UPDATE (8:25 a.m. PT) — Oregon Sen. Jeff Merkley announced early Tuesday morning that he is abandoning his presidential hopes in 2020 and will instead run for re-election.
"My best contribution is to run for re-election and do everything I can to help the Senate be a full partner in addressing the problems before us," Merkley said in a 4-minute video.
The Democrat, first elected to his office in 2008, has been openly exploring a presidential candidacy for the last year and a half. He’s made several visits to Iowa and New Hampshire and other early primary states while presenting himself as a progressive with “bold” policies who remains true to his blue-collar roots.
Throughout this, one of his major dilemmas is that the wide-open Democratic primary is occurring as his senatorial term is running out.
He discussed the possibility of seeking a change in Oregon election law to run for both offices simultaneously, something that is allowed in several states. But he said he gave up on that idea after it got a negative reaction from leaders in the Senate.
Merkley still had the opportunity to run in the early primaries that take place before Oregon’s March 10, 2020 filing deadline. But keeping both options open would have raised its own complications.
The 62-year-old senator told OPB earlier this year that he was also concerned about being financially competitive in a Democratic race.
"The underlying thing that I’ve been wrestling with are what are the big battles worth fighting and how can I be most effective in contributing to the effort, so I’ll be on the battlefield, but I’ll be on the Senate battlefield," Merkley said.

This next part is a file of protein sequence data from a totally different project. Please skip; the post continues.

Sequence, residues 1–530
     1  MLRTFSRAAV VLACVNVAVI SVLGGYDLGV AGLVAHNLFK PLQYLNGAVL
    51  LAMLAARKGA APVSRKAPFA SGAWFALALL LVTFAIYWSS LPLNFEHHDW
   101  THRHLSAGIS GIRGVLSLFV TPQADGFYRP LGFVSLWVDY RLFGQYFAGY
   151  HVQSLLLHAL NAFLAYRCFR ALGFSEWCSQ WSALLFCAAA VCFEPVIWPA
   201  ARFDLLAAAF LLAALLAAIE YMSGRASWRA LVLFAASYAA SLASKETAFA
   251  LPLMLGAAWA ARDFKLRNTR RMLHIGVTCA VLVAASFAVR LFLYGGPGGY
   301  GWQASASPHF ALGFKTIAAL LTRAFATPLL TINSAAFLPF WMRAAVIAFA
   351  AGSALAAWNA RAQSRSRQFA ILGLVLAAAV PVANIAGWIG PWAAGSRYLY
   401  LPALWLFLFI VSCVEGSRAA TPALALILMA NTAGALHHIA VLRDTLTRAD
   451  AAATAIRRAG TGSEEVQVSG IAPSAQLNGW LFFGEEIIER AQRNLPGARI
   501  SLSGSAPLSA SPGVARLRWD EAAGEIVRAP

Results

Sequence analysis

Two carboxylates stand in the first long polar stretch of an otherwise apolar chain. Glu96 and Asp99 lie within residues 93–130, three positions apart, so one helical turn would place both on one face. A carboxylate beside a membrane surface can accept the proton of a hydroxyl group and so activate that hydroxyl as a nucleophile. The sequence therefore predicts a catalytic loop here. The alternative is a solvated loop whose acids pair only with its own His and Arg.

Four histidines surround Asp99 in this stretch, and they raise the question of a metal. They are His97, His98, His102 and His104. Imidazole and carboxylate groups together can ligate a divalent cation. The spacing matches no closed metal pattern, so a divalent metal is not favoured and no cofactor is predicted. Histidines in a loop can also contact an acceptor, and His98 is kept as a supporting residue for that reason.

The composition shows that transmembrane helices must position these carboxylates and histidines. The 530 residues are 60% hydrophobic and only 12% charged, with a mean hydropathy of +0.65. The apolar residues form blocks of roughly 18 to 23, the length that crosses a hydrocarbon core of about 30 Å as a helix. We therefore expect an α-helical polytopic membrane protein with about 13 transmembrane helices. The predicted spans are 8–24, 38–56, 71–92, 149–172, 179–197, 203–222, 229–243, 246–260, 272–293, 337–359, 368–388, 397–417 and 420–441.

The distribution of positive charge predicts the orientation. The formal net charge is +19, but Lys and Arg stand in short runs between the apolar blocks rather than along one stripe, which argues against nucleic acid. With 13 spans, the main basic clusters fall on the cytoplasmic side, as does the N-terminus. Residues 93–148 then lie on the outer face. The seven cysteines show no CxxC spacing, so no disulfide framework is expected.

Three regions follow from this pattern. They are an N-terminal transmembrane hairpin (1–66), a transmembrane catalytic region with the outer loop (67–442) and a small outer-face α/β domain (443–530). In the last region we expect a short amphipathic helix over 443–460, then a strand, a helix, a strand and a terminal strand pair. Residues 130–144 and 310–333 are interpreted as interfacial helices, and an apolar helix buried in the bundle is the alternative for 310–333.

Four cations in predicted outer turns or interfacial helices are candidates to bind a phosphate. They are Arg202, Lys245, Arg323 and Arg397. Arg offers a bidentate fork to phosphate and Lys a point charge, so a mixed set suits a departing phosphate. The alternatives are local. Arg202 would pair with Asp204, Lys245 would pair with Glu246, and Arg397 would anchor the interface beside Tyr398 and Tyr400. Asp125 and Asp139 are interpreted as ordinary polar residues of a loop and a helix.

At least one billionaire, former New York City Mayor Michael Bloomberg, had been thinking of getting in the race and several others have large national followings that give them the ability to quickly raise millions of dollars.
For example, Vermont Sen. Bernie Sanders – who Merkley endorsed in 2016 – reported raising $6 million in the first 24 hours after announcing his latest run for president last month. Sens. Kamala Harris of California and Elizabeth Warren of Massachusetts also have strong national fundraising bases.
Washington Gov. Jay Inslee, who announced his own candidacy last week, is already benefitting from an ad campaign financed by supporters who formed a super-PAC allowing them to raise donations of any size. Several Democratic activists have called on Inslee to push the super-PAC – which is required to operate independently of his campaign – to shut down.
In his video, Merkley talked about growing up in a working-class home, being the first in his family to go to college — and how he still lives in a blue-collar neighborhood in east Portland.
He also talked about the three challenges he says the country needs to tackle: battling climate change, protecting the right to vote and the country’s other democratic institutions, and rebuilding an economy that allows for widespread prosperity.
"I do admire many of the people who are running," Merkley said. "There’s a lot of talent on the field. I really hope to do whatever I can to get them to take on and have a strong strategy on these three big challenges I’ve laid out and perhaps I’ll endorse but that’ll be much later in the process."